Neither seasonal nor diurnal cycles of insolation are included in this model, and there is no topography. The GCM treats the atmosphere as an ideal gas without a hydrologic cycle. The effects of moisture are generally ignored, but they are implicit in a convection parameterization, which relaxes atmospheric temperatures to a profile with lapse rate equal to a fraction of the dry adiabatic lapse rate . Whenever an atmospheric column is less stable than the specified convective lapse rate , a dry convection scheme relaxes temperatures to a profile with the convective lapse rate, while conserving the column-integrated enthalpy (Schneider and Walker 2006). That is, the convection scheme assumes that the kinetic energy of the convection is locally dissipated on the convective (subgrid) scale so that the enthalpy on the large (grid) scale is conserved. The rescaling factor γ mimics the effect of latent heat release in moist convection, with smaller γ corresponding to more latent heat release.

A Newtonian relaxation scheme represents radiative forcing by relaxing temperatures toward radiative-equilibrium temperatures . Unlike the usual statically stable equilibrium temperature fields used in many idealized dry GCMs, these radiative-equilibrium temperatures are statically unstable in the lower and middle troposphere. The radiative-equilibrium surface temperature in the model is a function of latitude ϕ and is given by

 
formula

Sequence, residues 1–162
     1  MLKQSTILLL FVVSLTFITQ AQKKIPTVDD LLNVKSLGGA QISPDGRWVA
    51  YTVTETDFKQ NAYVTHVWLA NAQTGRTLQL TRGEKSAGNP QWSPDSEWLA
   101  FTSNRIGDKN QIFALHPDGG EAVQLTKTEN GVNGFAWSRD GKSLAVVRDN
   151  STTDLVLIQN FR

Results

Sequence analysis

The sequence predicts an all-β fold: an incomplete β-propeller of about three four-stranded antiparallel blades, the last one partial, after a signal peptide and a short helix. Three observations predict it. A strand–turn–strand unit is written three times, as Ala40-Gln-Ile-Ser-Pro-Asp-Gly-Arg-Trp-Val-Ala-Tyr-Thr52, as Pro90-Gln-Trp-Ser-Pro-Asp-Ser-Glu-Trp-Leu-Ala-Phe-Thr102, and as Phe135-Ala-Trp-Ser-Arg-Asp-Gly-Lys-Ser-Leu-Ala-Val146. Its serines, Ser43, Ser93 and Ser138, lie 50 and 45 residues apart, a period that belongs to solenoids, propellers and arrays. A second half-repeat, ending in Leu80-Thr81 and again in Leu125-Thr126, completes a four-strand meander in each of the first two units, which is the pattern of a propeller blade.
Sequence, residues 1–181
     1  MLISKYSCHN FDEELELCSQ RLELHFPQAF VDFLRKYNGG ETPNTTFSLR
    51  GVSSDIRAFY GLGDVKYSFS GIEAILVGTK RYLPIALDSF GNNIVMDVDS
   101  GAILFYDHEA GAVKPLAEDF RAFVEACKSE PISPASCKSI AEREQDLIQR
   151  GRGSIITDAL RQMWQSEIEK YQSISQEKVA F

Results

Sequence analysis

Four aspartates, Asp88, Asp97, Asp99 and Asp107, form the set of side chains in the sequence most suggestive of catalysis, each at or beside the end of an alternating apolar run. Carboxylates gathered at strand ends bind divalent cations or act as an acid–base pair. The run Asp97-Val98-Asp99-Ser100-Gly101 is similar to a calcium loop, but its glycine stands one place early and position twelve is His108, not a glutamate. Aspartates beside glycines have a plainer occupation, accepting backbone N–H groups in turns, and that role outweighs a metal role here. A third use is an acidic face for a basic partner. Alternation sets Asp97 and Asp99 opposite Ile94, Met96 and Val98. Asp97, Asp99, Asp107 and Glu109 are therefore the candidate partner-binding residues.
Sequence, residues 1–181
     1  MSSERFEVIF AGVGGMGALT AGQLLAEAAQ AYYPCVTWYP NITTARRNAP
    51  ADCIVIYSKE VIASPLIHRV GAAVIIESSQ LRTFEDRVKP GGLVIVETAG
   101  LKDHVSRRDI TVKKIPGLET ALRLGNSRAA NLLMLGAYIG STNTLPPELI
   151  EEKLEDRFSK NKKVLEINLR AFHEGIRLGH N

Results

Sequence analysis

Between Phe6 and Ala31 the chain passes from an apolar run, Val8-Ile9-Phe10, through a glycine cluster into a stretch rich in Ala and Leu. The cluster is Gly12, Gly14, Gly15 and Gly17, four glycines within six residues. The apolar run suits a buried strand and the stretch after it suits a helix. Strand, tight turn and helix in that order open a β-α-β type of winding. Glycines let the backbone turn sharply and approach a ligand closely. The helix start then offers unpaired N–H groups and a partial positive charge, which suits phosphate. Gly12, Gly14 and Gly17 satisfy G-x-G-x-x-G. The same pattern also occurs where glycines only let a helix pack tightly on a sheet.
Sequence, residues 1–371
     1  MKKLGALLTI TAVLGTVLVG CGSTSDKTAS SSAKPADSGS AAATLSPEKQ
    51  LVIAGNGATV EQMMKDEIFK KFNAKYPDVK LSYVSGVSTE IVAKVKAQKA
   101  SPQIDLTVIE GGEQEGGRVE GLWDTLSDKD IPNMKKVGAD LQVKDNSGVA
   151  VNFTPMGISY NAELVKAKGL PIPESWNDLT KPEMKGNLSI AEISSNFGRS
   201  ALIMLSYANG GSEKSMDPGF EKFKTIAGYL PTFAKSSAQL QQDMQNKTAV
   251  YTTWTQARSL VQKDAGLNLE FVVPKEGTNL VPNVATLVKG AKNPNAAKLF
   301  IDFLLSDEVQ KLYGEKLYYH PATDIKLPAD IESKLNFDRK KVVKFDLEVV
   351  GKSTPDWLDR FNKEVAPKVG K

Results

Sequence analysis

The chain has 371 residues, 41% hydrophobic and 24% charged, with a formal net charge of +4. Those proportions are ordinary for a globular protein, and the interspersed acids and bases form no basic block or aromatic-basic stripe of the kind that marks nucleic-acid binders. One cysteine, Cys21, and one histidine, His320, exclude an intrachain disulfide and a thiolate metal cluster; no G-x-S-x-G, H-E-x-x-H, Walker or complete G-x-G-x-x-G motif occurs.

The radiative-equilibrium surface temperature at the pole is fixed at in all simulations. Radiative-equilibrium temperatures in the atmosphere above the surface are those of a semigray atmosphere with a water vapor–like absorber. Their meridional gradient smoothly decays to zero at the top of the atmosphere, where the radiative-equilibrium temperature is a constant 200 K. See Schneider (2004) for more details on the Newtonian relaxation scheme and Schneider and Walker (2006) for a more detailed model description. The only difference between our model and that described in Schneider and Walker (2006) is that we represent subgrid-scale dissipation by an exponential cutoff filter (Smith et al. 2002), with a damping time scale of 4 min on the smallest resolved scale and a cutoff wavenumber of 21 below which subgrid-scale dissipation is zero. Weaker subgrid-scale damping would have sufficed for many simulations but led to substantial noise in some superrotating simulations, especially the ones with weak meridional temperature gradients and more stable convective lapse rates. Thus, we use the stronger damping for all simulations to be consistent. We also found the magnitude of the superrotating wind speed to be quite sensitive to the damping time scale of the subgrid-scale dissipation.